Buying gift cards has some appeal, as a way to help out local businesses. Buy it now- giving the business some much needed cash, redeem later when business is better. What about using an existing gift certificate?
Does putting off redeeming a gift card actually benefit the business? It depends on the state, and how long you want to put off using the gift card.
When a gift card is purchased, the business gains cash and marks an IOU down on its ledgers, more or less. For a business, Cash is good, and an IOU that’s never redeemed would seem like a good thing.
This is where the government comes in. If a gift card sits around long enough, unused, it starts to run afoul of unclaimed property laws. Many states require that unclaimed property be transferred to the state, a process known as escheatment. This isn’t, as it happens, an issue for the chap with the gift card sitting under a pile of papers. It’s an issue for the business.
Businesses keep track of gift cards sold, and redeemed. In some states, the profit from an unredeemed gift card must be given to the state, so the business doesn’t profit from the sale. Instead of the customer getting value back, the customer has essentially made a donation to the state government, which the business has been required to keep track of for a while.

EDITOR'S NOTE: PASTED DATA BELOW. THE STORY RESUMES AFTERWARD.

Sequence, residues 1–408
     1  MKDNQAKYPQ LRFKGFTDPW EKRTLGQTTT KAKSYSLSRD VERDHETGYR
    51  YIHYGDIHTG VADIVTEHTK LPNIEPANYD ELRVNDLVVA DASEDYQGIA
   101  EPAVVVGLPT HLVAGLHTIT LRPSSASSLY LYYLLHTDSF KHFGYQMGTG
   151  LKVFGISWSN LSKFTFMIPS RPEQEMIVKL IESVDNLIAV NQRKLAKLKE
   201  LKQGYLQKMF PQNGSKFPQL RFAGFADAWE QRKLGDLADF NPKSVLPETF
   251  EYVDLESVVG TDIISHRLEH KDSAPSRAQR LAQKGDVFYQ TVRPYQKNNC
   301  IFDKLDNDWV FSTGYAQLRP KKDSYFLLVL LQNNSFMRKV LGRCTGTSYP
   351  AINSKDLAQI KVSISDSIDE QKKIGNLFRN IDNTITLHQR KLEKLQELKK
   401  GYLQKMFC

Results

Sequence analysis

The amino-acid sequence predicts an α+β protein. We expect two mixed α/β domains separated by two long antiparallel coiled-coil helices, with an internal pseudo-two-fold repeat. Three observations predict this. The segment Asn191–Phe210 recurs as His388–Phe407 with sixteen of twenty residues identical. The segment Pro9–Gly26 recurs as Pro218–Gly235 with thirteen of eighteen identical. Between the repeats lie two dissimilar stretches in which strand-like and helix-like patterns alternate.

What about in Montana? In Montana, gift cards don’t expire. That doesn’t mean the state government doesn’t get involved though- after three years, it’s abandoned property, and the state would like the funds. Not all the funds- depending on the type of gift card, the state of Montana may only want 60% of the value. And for businesses that don’t make very much from gift cards (less than $200,000 in the past year), the gift card won’t be considered abandoned.
So- in short, even in Montana, whether putting off using a gift card for more than three years is a benefit to the business depends on how many gift cards the business sells. For your small town business, putting off using a gift card probably won’t leave them writing a larger check for their state taxes.